Who didn’t see this coming? - KUAM.com-KUAM News: On Air. Online. On Demand.

Who didn’t see this coming?

by John Davis

Guam - As a result of Okinawa's Mayoral Election and the people of Okinawa electing Susumu Inamine, a candidate that echoed the Okinawan people's sentiments of removing all U.S. Military personnel off the island, the people of Guam may get their second chance at making a first impression.  I hope our leaders are wearing Head & Shoulders because it would make the task a bit easier.

When the people become dissatisfied with their government because their unalienable rights of life, liberty and the pursuit of happiness are being infringed upon, it is the right of the people to alter their government or abolish it and institute a new government.

This language is contained in the Declaration of Independence and can be related to events regarding the uproar from the people of Japan as they threaten to basically vote out the current Japan Prime Minister, Yukio Hatoyama should he not listen to their concerns about the relocation of the Futenma Air Base come time for elections in summer 2010.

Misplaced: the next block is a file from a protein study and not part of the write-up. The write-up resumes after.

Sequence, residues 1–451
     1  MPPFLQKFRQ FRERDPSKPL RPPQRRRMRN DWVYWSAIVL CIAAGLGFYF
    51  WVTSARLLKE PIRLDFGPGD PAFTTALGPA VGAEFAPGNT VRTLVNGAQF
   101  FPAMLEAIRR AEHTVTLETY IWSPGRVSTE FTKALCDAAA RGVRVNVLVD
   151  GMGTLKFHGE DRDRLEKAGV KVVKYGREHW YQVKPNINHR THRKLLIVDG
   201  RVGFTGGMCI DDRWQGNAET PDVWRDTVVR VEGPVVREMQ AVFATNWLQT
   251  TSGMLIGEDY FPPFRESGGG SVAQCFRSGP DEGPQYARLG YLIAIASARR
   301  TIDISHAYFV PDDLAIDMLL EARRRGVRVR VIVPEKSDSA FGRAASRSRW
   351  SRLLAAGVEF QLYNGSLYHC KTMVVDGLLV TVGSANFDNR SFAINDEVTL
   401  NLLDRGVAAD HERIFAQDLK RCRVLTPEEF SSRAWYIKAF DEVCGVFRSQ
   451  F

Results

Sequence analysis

The 60 thousand plus people of Okinawa elected Inamine because he opposes the relocation of the Futenma Air Base just North of its current location.  The outgoing Mayor, Yoshikazu Shimabukuro was only in support of the bases relocation within Japan, he did not listen to his people so they voted him out of office.  If Inamine continues to listen to the pulse of the Okinawan community, there's an even greater chance the Futenma Air Base and all of its personnel will be relocated to Guam and not Nago, Japan along with the 8 thousand Marines and 9 thousand dependents due here by 2014, especially because Okinawan residents oppose any new Marine Base in their region.

GovGuam experts are saying the delay could be good for Guam, by possibly extending timelines for projects that need to be done outside the fence. They also say with a delay in timelines, the promise of an economic boost could be put off as well.  Don't forget though, projects outside the fence will be funded by the government of Guam in the form of long term, low interest loans, which means life on Guam will not get better.  Don't even bother thinking about the "rising tide lifts all ships" line, it's no use.  The tide may be rising, but the ship called the Government of Guam has had a big hole in it for quite some time causing it to continue sinking year after year.  The only ones bailing out water to keep this ship from sinking is the people of Guam, how much longer do think we can bailing?  Not much longer, our people aren't getting richer and our land isn't getting larger.  This GovGuam ship needs a massive overhaul and who's going to fix it to keep it afloat for when this rising tide comes in? Not the federal government or investors or the Japan government.  It will be the burden placed on the people of Guam and yes, it's unfair and additional taxation so be sure not to get it twisted.